Last Thursday, I caught the mask wearing duo, The Cemetery Boys, at Retro Cafe in Virginia Beach. The band consists of father and son, Edgar Von Graves (bass and vocals) and Lurch (drums). Yes, just bass and drums and yes - just Lurch.
Their music, along with Edgar’s chillingly rich vocals, permeated the room as quickly as the fog machine and scrambled my brain; because, they sounded like way more than just two people.
Their set of original material ended with them covering The Smiths, “How Soon Is Now,” and “Cars,” by Gary Numan, which put the proverbial nail in the coffin and got everybody dancing.
Yeah, not bad for a Thursday.
A couple of days later, I got in touch with Edgar to ask some questions and to see if he could help me unscramble my brain.
Beth Austin: How long have each of you been playing?
Edgar Von Graves: I have been dabbling for many years. I’ve gotten serious about it just in the last few years. Lurch has been playing drums for four or five years. He plays drums out of necessity for me. His main instrument is guitar and he has his own projects on the side.
Beth: Have you played in other bands?
Edgar: None really worthy of mentioning. Nothing ever worked out to my liking. I find it hard to work with multiple people with their schedules, their democratic processes and politics. No one else (who can actually play) seemed to be interested in combining music and spooky stuff.
You’d also be surprised at how many people are reluctant to wear a mask on stage. “I don’t know about all that,” they would say. And they would be quickly escorted to the door. That’s pretty much why I came up with The Cemetery Boys and why I had to ‘make’ a drummer.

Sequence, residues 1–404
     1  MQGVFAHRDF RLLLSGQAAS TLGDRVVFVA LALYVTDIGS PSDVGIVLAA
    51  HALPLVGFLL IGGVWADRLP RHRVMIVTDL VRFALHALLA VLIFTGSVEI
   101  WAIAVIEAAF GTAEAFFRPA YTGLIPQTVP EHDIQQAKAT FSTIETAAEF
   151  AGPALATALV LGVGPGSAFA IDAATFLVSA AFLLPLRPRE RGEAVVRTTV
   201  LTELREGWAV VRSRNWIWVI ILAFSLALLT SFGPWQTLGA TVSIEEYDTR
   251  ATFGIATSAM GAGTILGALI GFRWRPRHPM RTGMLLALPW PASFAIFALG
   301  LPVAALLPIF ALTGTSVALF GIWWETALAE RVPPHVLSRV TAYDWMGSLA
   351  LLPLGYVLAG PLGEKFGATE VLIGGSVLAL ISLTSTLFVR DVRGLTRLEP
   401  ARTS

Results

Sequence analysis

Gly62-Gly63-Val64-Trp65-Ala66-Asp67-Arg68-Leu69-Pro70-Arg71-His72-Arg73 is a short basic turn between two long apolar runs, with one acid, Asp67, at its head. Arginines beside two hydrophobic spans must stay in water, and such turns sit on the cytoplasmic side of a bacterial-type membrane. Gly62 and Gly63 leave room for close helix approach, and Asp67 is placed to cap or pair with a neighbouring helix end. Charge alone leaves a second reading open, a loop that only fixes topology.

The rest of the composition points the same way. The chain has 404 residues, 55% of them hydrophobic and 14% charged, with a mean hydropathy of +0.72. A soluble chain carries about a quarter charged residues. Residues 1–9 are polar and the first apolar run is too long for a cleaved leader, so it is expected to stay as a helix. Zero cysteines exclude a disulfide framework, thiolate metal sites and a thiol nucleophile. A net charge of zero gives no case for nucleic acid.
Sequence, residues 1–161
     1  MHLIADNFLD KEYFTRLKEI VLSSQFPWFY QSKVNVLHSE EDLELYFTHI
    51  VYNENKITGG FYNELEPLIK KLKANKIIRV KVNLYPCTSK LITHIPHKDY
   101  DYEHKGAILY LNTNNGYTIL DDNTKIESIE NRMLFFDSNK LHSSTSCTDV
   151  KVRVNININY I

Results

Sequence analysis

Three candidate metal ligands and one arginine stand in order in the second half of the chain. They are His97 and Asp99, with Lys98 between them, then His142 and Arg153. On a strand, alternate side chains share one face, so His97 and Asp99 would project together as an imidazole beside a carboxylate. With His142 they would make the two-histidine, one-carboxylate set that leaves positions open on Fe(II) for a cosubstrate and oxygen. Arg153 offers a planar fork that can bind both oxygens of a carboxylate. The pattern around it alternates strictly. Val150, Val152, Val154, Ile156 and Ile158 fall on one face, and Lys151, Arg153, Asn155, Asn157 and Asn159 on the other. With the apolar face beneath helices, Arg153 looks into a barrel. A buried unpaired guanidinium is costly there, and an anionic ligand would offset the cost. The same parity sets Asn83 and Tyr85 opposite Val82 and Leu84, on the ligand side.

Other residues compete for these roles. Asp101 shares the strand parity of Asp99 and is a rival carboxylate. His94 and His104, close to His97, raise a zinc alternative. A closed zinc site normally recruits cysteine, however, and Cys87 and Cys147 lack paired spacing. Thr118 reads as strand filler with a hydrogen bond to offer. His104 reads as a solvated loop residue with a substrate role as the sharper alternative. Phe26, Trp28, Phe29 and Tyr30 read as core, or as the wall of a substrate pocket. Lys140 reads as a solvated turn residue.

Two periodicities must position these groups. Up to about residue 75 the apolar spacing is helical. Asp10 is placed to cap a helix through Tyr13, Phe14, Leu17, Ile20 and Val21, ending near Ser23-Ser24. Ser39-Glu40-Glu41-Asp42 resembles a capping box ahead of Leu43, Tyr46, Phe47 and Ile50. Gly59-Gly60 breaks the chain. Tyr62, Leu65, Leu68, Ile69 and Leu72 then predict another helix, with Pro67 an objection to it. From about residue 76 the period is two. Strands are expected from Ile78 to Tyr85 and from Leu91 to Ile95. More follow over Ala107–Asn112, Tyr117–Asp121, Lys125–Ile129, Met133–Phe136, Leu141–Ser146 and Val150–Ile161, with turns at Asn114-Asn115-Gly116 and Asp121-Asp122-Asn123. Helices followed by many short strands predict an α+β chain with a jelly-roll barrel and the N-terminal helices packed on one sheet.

Beth: How long have you two been playing as The Cemetery Boys?
Edgar: The two of us have been playing together off and on for four or five years. Lurch briefly moved to Nashville in late 2012, so from April 2013 to December 2013, my drummer was a gentleman named Tom Bzombie, who was from France. His wife worked for NATO in Norfolk. He was a great guy and was on board with everything I wanted to do. Unfortunately, he had to return to France in January 2014. Lurch rejoined me then and we never really missed a beat (pun intended). Lurch is also a pleasure to work with and is about the coolest guy I know.
Beth: When I saw you at Retro Cafe, I couldn’t believe the sound coming from just two guys. After your set, people were like, “Whoa!” I could tell by their faces that they were as happily confused as I was.
You scrambled my brain because what I saw and what I heard just didn’t match up. You sounded like way more than two people - way more than just bass and drums. Can you tell me about that? How do you put out so much sound?
Edgar: Yeah, it’s just bass, drums and some prerecorded movie dialogue stuff. We used to use a prerecorded cello track on a lot of it to thicken it up, but we don’t use that anymore. We’ve kind of gone back to a very raw, real, rockin’ sound. It also helps to have a powerful Ampeg bass amp in situations like you saw at Retro, where the only thing coming out of the PA was vocals.
Beth: You were playing a bass, but I swear at times it sounded like you were playing guitar and bass. The sound was just incredible. Can you tell me about your playing style?
Edgar: I play a Gretsch short-scale bass through a distortion pedal into an Ampeg head and Hartke cabinet. I use thin bass strings which give it a little more high end, like a guitar, without losing too much low end. I play the bass somewhat like a guitar since I played guitar earlier in my life. It works out to be kind of a cross between the two. I love playing the bass.
Beth: What can you tell me about Lurch’s drum kit? It looks modified, like the bass drum doesn’t look like a bass drum, it looks smaller. Can you tell me about the set up?
Edgar: Yes, the bass drum is small for no other reason than it’s what we can fit in the truck. Everything we carry fits perfectly in to our Chevy Blazer. It’s tight, but it fits. When we get our hearse, it won’t be an issue anymore.